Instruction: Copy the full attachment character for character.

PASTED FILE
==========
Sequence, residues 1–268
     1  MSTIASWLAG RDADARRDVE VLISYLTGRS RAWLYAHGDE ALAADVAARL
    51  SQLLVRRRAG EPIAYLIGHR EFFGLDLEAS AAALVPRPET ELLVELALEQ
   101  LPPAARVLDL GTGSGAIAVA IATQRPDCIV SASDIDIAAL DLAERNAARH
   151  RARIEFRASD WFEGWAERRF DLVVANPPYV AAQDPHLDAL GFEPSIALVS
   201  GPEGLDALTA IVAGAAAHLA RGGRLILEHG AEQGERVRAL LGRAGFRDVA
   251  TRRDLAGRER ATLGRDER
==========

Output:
Sequence, residues 1–268
     1  MSTIASWLAG RDADARRDVE VLISYLTGRS RAWLYAHGDE ALAADVAARL
    51  SQLLVRRRAG EPIAYLIGHR EFFGLDLEAS AAALVPRPET ELLVELALEQ
   101  LPPAARVLDL GTGSGAIAVA IATQRPDCIV SASDIDIAAL DLAERNAARH
   151  RARIEFRASD WFEGWAERRF DLVVANPPYV AAQDPHLDAL GFEPSIALVS
   201  GPEGLDALTA IVAGAAAHLA RGGRLILEHG AEQGERVRAL LGRAGFRDVA
   251  TRRDLAGRER ATLGRDER